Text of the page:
The facility was being built by Hartz-Claiborne, a limited partnership formed for this purpose. Hartz-Claiborne was comprised of Liz Claiborne, an apparel manufacturer, Hartz Mountain, a major developer, and Hartz Development, the owner of the land (we refer to these parties collectively as the Hartz defendants). Hartz-Claiborne had no employees of its own. Apparently Hartz Mountain acted as the general contractor in its role as a partner in

Hartz-Claiborne. Hartz-Claiborne entered into an agreement with Howell, a South Carolina corporation, whereby Howell agreed to furnish all labor, materials and equipment necessary to complete structural steel work on the project. The contract specified that Howell was responsible for full compliance with safety standards. Howell, being in the business of steel fabrication only, subcontracted with Eastern, plaintiff's employer, for the erection of the structural steel. This contract had a "safety" subsection whereby Eastern agreed to be solely responsible for complying with OSHA and all other applicable safety regulations. Eastern agreed to indemnify and hold harmless Howell and the 'owner" of the project from any losses or claims arising out of Eastern's work on the project.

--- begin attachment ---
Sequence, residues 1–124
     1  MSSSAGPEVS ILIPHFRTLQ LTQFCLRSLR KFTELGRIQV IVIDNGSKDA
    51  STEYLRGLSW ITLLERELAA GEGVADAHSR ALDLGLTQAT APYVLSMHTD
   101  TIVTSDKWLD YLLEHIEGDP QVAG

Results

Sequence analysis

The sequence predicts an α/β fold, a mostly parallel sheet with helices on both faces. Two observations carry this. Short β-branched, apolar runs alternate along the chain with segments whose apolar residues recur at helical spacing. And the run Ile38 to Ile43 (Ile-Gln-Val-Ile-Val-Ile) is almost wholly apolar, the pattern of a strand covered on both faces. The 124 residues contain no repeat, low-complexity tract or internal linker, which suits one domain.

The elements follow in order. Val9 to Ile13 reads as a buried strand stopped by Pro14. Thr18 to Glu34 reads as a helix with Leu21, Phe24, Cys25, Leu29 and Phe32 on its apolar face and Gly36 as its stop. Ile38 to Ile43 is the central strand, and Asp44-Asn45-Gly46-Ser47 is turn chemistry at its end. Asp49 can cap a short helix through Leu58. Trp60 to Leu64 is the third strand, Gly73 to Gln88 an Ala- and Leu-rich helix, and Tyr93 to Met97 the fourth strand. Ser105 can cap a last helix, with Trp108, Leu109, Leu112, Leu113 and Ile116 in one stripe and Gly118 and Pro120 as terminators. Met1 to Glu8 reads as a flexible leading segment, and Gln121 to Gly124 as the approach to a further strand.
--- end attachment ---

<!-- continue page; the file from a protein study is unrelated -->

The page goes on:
Howell, the Hartz defendants, Nacamuli and Liz Claiborne all filed answers generally denying liability and seeking indemnification and contribution from one another. Howell joined Eastern as a third-party defendant, alleging that Eastern's negligence had caused the injury to plaintiff, Eastern's employee, and that Eastern had contractually agreed to indemnify Howell for any personal injuries arising out of Eastern's performance of its subcontract with Howell.

In February 1989, Eastern answered maintaining that its July 1985 indemnification agreement with Howell was contrary to public policy under N.J.S.A. 2A:40A-1. On September 26, 1990, summary judgment was granted to Eastern on the grounds that the indemnification agreement was void. In June 1991, Howell's motion to vacate the summary judgment in favor of Eastern was granted. The decision was based on our holding in Secallus v. Muscarelle, 245 N.J. Super. 535, 586 A.2d 305 (App. Div. 1991), that indemnification was invalid under N.J.S.A. 2A:40A-1 only where the party to be indemnified was the sole negligent party.